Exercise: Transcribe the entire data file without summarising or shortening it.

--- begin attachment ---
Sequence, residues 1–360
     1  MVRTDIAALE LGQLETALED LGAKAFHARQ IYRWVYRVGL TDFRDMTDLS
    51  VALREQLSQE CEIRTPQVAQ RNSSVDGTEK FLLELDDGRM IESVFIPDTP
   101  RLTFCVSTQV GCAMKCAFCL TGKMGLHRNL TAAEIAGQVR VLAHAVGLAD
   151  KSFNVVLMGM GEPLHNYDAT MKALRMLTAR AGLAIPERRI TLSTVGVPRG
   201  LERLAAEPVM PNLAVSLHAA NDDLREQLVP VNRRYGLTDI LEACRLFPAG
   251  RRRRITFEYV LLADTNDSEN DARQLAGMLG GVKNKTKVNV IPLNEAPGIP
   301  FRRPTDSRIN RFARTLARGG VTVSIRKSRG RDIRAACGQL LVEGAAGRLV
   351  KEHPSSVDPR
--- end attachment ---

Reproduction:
Sequence, residues 1–360
     1  MVRTDIAALE LGQLETALED LGAKAFHARQ IYRWVYRVGL TDFRDMTDLS
    51  VALREQLSQE CEIRTPQVAQ RNSSVDGTEK FLLELDDGRM IESVFIPDTP
   101  RLTFCVSTQV GCAMKCAFCL TGKMGLHRNL TAAEIAGQVR VLAHAVGLAD
   151  KSFNVVLMGM GEPLHNYDAT MKALRMLTAR AGLAIPERRI TLSTVGVPRG
   201  LERLAAEPVM PNLAVSLHAA NDDLREQLVP VNRRYGLTDI LEACRLFPAG
   251  RRRRITFEYV LLADTNDSEN DARQLAGMLG GVKNKTKVNV IPLNEAPGIP
   301  FRRPTDSRIN RFARTLARGG VTVSIRKSRG RDIRAACGQL LVEGAAGRLV
   351  KEHPSSVDPR